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Mike Jacobs
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Cannot Enable Long Path Names on a Win 32 machine running Win 10 1909

I have tried all three methods described on this page, to enable long path names on a 32 bit machine running Windows 10 1909 Build 18363

The only minor difference is with the gpedit option which refers to the NTFS "Enable LongPathNames" whereas, on a win 32 machine it says "Enable Win 32 LongPathNames"

3 reboots later, all have failed.

Anyone got a better suggestion?
Windows 10Windows OS

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Seth Simmons

8/22/2022 - Mon
Joe Winograd

Hi Mike,

I haven't read the article you linked to, so maybe it's the same as my recent EE post on the matter, but here it is:

https://www.experts-exchange.com/questions/29182936/Powershell-Windows-Batch-scanning-folders-with-a-path-too-long.html?anchorAnswerId=43091236#a43091236

There are a few more related posts under that. Regards, Joe
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Mike Jacobs

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Joe, yes, your page discusses exactly the same options (which all fail)

Dr Klahn, the test I'm performind doesn't even require an app. I just try to change the name to anything longer than 255 characters (which is 5 less than the alleged limit)

Can't do it. And just tested it on my main 64 bit workstation running 1903 and can't do it on that either!

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Mike Jacobs

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Thankyou gentlemen

I now know a lot more about long path names than I ever thought I'd need.

I think the kibosh is <longPathAware>true</longPathAware> 

What I was doing my test with (Xplorer Squared) is a red herring. That was just a quick test to see if the registry/policy tweaks had had any effect. The real problem is that the issue arises in the software the client uses to communicate with HMRC. They eventually get to a page which summarises the HMRC calculations and they then need to save a copy to their client folder which is nested to half a dozen levels on a Windoze server. Those levels reflect hierarchy something like Software/Clients/Cliient Folder/Year/Task/Version or similar and that's what creates the long path name. They rarely need actual file names more than 50 characters but often find they're truncated at about 37-40.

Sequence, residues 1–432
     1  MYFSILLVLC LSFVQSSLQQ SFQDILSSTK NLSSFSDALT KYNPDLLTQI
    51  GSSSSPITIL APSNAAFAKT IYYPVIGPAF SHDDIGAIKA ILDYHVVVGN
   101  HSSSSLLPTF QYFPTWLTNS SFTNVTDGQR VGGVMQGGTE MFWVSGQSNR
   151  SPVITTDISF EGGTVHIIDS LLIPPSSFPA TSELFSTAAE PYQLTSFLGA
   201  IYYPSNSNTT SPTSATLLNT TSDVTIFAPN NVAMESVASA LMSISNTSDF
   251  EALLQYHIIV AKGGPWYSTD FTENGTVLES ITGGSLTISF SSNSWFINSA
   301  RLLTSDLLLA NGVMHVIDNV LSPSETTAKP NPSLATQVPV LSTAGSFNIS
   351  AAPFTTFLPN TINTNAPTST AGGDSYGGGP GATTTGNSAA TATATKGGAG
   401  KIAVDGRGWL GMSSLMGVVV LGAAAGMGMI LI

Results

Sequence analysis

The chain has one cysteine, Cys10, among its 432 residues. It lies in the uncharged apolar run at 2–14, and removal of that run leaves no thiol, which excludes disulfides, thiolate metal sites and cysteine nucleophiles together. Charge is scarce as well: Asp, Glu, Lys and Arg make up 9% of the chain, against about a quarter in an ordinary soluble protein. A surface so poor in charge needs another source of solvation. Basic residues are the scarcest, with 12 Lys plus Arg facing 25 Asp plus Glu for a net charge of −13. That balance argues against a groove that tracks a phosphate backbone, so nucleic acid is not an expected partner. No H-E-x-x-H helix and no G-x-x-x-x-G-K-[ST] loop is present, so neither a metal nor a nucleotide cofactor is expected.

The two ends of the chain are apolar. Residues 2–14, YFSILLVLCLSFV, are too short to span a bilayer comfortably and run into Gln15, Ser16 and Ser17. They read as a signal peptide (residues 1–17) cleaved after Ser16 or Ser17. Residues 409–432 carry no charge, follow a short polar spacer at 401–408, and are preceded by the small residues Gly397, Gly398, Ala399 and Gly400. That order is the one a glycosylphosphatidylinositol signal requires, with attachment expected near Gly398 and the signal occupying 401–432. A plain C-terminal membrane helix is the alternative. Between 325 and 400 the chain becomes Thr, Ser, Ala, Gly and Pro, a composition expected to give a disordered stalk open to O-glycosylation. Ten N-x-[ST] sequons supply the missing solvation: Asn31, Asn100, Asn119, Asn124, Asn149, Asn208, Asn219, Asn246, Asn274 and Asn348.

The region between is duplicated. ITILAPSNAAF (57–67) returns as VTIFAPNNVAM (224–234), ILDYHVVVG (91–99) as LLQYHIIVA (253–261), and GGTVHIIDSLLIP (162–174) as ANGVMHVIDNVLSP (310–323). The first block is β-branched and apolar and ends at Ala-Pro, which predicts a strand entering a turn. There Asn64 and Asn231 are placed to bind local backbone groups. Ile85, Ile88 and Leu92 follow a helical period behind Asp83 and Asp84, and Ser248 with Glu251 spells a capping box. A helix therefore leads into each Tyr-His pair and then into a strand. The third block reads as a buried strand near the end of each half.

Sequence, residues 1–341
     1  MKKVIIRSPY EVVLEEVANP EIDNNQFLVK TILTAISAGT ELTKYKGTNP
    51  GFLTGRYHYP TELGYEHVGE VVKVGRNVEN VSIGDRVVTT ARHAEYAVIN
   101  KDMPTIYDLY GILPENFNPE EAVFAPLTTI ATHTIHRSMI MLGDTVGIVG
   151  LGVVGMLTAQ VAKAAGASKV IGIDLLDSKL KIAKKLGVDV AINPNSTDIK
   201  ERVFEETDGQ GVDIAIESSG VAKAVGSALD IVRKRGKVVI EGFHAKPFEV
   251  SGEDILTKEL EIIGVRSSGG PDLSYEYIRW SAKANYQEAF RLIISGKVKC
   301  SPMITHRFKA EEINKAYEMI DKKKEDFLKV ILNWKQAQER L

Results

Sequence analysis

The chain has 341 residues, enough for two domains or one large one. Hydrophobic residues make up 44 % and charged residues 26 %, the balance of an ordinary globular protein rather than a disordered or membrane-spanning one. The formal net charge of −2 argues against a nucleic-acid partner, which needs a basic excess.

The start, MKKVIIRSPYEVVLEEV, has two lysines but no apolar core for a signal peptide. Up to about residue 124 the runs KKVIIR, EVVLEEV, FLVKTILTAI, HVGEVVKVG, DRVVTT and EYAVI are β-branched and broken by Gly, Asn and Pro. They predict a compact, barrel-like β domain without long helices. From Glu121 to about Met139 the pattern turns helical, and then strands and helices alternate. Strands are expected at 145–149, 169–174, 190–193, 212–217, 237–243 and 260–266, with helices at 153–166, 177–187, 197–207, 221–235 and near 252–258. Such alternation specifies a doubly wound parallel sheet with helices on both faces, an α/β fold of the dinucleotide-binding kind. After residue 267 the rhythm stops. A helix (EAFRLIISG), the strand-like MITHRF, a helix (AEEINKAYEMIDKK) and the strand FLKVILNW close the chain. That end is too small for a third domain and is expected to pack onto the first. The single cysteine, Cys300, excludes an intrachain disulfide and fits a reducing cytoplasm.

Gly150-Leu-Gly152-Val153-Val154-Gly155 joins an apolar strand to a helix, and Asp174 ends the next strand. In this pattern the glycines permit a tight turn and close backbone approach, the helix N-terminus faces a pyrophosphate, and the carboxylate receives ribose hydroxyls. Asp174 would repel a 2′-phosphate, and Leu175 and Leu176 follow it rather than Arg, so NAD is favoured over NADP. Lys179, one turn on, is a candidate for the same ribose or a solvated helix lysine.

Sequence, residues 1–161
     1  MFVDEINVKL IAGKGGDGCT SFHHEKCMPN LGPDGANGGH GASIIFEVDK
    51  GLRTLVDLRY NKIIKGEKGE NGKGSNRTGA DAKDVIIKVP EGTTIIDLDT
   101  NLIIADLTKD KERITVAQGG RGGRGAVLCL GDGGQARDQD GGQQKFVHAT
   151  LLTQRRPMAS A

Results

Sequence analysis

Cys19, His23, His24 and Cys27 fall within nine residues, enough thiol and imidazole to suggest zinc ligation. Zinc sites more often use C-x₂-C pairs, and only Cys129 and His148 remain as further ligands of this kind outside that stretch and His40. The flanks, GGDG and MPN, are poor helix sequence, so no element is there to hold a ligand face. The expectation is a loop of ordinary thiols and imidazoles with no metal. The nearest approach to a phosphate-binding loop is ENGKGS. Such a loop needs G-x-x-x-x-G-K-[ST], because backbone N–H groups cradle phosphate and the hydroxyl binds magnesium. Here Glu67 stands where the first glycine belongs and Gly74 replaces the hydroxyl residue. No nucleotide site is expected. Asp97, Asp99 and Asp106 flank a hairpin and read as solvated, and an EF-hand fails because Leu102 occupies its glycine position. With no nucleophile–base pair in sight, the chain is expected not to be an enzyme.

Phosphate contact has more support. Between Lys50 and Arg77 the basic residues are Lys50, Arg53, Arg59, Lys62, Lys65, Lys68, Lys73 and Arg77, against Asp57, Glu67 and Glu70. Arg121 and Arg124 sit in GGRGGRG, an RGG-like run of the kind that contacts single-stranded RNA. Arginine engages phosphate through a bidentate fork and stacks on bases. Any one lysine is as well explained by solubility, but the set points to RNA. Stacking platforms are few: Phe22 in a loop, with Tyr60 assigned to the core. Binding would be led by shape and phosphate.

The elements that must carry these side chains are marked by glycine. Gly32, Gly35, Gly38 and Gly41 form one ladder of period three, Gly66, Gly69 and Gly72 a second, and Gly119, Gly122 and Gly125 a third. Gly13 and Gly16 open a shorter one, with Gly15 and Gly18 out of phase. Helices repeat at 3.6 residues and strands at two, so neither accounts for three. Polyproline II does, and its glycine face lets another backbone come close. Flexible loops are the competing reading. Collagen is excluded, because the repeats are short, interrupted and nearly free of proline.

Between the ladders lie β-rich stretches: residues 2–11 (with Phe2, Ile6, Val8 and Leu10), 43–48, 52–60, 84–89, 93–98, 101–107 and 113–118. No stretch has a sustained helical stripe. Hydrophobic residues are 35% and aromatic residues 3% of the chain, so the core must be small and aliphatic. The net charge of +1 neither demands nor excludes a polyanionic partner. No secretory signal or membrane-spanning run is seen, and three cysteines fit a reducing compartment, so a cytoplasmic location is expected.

I'm almost certain that software won't have that "manifest" option and am somewhat doubtful the authors would  even know how to implement it.

I'll do some digging and update accordingly.












Mike Jacobs

ASKER
question for David Johnson:

that quote:
 will allow manifested Win32 applications and Windows Store applications to access paths beyond the normal 260 char limit per node.
raises a couple of questions itself.

Initially I needed to know: what is a "manifested Win 32 application" and how do we identify them in the wild? But I got the answer to that here

Did a search for files with a .manifest extension on my system drive and found 27k. Some of which were with applications I recognised, like Syncback (which contained the <longPathAware>true</longPathAware> 
and Xplorer Squared (64 bit) which didn't.

So that raised two questions of its own.

First,  that wording explicitly excludes 64 bit applications. Does that imply that 64 bit apps do NOT suffer the long path name restriction?
(which is why X2 doesn't include the flag)

Second, can we just edit the manifest to include that string, or will it only work if the code for the actual app is written to support it?

For example, both Outlook and Edge have .manfest files. Neither include longpath awareness. Can I just hack that into the file?






Seth Simmons

No comment has been added to this question in more than 21 days, so it is now classified as abandoned.

I have recommended this question be closed as follows:

Split:
-- 'David Johnson, CD' (https:#a43102196)
-- 'Bill Prew' (https:#a43102195)
-- 'Dr. Klahn' (https:#a43102164)
-- 'Joe Winograd' (https:#a43102199)
-- 'Hello There' (https:#a43102359)


If you feel this question should be closed differently, post an objection and the moderators will review all objections and close it as they feel fit. If no one objects, this question will be closed automatically the way described above.

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